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Investing for freelancers and creative workers: first steps

A jargon free guide to investing for freelancers and self-employed

You’re given three wishes. What’s the first thing your inner wise-ass asks for? That’s right: more wishes. When it comes to finances there is an option that comes pretty close to this scenario – it’s called investing…

I’ve said it before and I’ll say it again: no one gets into creative work for the money. There are benefits in creative work that far outweigh the relative dent in your paycheque. It’s an exchange the majority of us are happy to make. But with less cash available to us across our careers, we need to be smarter with what we have. This is where investing can help us.

Disclaimer: This article is for financial information and education purposes only. It is not financial advice. Investing carries risks. The value of your investments and can go down as well as up and you may not get back the original amount invested. Always do your own research and seek independent advice where required. Read the full disclaimer here.

What is investing?

The term ‘investing’ conjures up all sorts of negative connotations of city boys, YouTube shysters and sheep-stealing aristocrats. But let’s try to ignore those preconceptions for the moment, because investing is far too powerful a tool to leave in the hands of such characters.

Instead, let’s go back to the wish analogy. If our money is like wishes, then once we’ve covered our basic needs and a few things that make a genuine, lasting difference to our happiness, what’s the smartest way to use what’s left?

“Investing is about short-term sacrifice for longterm gain – this is something we are good at in the creative industries.”

Probably using it to buy things that produce more income. This is the process of investing and those ‘things’ are called assets. They come in many forms – for instance, stocks, bonds or rental property – but you can think of them as things that ultimately put money into your pocket.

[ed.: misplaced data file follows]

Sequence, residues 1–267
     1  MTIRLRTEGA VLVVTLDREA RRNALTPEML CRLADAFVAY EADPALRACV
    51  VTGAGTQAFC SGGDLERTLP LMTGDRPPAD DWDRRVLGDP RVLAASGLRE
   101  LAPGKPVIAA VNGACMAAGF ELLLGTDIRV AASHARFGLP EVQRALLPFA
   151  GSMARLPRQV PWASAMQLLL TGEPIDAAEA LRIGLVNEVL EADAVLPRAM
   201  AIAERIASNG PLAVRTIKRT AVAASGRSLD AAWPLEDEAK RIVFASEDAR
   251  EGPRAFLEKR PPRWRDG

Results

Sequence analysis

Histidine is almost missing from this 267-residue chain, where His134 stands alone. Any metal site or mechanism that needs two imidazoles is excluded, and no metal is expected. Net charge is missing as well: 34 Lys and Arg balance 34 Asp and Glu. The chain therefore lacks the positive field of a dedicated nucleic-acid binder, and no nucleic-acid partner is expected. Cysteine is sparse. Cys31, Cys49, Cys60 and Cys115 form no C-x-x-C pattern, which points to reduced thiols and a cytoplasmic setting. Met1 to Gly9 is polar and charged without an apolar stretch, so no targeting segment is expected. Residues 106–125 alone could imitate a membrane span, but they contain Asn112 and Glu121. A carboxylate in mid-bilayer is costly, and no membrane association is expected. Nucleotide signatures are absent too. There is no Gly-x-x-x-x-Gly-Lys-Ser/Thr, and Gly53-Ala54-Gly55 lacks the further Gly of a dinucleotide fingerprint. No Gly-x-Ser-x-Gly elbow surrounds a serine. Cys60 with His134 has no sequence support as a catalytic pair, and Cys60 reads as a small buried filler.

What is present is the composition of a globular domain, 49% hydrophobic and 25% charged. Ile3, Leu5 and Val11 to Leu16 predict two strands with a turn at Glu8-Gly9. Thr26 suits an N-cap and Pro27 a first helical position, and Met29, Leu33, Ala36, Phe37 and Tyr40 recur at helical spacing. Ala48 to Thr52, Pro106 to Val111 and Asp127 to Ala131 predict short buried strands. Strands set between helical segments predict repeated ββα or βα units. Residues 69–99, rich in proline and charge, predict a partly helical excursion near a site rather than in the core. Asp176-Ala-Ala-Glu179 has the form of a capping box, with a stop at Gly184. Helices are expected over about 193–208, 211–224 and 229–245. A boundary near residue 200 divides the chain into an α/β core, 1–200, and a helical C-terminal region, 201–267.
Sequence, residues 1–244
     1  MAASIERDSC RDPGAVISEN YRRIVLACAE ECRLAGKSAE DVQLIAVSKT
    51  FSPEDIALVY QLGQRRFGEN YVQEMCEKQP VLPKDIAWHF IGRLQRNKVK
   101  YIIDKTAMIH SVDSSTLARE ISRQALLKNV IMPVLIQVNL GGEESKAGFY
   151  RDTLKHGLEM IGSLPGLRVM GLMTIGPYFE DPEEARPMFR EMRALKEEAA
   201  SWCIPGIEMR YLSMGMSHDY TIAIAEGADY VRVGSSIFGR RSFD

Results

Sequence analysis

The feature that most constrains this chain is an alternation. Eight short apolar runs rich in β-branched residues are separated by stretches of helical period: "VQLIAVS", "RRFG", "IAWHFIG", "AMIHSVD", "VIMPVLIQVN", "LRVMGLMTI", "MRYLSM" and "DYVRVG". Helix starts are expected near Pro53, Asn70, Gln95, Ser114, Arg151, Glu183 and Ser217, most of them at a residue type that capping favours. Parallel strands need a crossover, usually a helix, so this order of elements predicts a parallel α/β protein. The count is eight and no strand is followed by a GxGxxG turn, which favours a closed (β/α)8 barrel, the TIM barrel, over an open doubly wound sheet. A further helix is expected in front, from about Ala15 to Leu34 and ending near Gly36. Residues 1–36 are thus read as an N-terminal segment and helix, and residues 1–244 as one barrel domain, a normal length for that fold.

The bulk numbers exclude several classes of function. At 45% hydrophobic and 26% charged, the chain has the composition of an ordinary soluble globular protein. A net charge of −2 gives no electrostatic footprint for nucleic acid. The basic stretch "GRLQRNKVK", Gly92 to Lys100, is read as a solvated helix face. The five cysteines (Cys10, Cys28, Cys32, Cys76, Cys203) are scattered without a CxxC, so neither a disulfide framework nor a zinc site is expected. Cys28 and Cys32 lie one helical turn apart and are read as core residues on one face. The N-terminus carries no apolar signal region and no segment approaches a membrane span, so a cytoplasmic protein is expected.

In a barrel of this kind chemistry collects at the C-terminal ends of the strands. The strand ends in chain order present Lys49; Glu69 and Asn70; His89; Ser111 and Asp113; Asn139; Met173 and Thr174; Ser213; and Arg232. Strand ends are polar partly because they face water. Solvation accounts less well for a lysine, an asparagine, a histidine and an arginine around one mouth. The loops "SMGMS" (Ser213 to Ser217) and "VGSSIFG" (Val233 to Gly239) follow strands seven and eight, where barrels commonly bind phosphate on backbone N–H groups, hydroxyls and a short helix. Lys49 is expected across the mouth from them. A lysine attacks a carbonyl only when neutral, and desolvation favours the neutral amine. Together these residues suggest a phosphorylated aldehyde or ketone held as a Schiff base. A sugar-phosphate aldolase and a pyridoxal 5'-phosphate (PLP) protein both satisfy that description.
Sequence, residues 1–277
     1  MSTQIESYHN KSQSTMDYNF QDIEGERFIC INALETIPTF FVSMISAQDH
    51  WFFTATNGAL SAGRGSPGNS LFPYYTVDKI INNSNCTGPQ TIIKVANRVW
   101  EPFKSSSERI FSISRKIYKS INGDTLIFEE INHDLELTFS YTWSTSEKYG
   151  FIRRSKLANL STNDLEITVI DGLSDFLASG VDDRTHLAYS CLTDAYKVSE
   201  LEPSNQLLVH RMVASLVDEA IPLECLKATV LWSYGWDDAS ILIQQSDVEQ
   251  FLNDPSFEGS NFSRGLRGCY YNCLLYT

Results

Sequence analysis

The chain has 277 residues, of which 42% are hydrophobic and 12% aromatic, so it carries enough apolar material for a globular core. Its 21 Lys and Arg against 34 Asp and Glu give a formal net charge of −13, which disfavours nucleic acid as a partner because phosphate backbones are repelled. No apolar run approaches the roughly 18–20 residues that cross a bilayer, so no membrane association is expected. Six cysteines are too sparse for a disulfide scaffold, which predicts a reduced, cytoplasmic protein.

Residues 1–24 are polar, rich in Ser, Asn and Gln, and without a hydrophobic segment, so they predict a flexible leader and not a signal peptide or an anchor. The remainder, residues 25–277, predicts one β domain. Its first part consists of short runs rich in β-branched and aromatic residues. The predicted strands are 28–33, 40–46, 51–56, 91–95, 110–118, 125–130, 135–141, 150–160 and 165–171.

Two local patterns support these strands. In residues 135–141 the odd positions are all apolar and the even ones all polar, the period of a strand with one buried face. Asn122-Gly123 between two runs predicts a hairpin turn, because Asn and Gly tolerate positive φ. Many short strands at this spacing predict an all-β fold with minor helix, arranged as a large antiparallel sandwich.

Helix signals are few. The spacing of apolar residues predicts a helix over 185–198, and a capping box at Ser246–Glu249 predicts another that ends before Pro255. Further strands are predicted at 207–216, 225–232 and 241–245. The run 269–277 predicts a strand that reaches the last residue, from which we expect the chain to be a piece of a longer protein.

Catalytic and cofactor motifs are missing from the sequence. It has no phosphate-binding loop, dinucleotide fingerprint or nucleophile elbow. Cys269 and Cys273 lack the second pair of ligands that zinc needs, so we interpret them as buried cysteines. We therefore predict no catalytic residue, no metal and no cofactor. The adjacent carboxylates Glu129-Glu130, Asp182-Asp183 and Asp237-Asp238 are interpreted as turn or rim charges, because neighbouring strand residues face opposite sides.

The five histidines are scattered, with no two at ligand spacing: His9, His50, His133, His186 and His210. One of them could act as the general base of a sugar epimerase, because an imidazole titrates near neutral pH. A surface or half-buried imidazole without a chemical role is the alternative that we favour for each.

Let’s borrow from another fairy story – the golden goose. That sparkly water fowl is an asset. To raise a golden goose you would need to buy the goose, invest in some feed, maybe build a pond and some form of shelter, but the golden egg it popped out every day would make it worth the initial sacrifice.

Investing for freelancers
Photo by Sharon McCutcheon on Unsplash

Don’t dismiss investing as a boring thing for boring people

Think of it this way: buying assets is how you make money work for you, instead of the other way around – and that is a considerably more exciting concept.

Each good asset you buy will generate a little bit more income. If you’re on a low or variable income from your work, investing could one day make a real difference to your cashflow.

“Keep it simple, invest in things you understand and make it a habit that you keep over the longterm”

As you acquire assets, you can choose to spend that increased income, or reinvest it to buy more assets.

The latter habit is how the “rich get richer”, why “money goes to money” and why the pandemic – with its stock market crash (resulting in cheaper assets) and subsequent recovery – has created more billionaires than ever before.

Contrary to popular belief, though, you don’t have to be wealthy to invest. Anyone who can create a bit of disposable income can choose to funnel some into investments.

Keep it up and, eventually, you may be in a situation where you have built up enough income-generating assets to make a huge difference: to your lifestyle, your travel plans or even backing creative ventures of your own.

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Thinking longterm is something creative workers know how to do

To invest, you need to make a choice to put that money into something for the longterm (in the stock market, this is usually 10 years+) instead of spending it.

Investing then is all about short-term sacrifice for longterm gain and, for all the crappy stereotypes about creative people and money, this is something we are good at in the creative industries.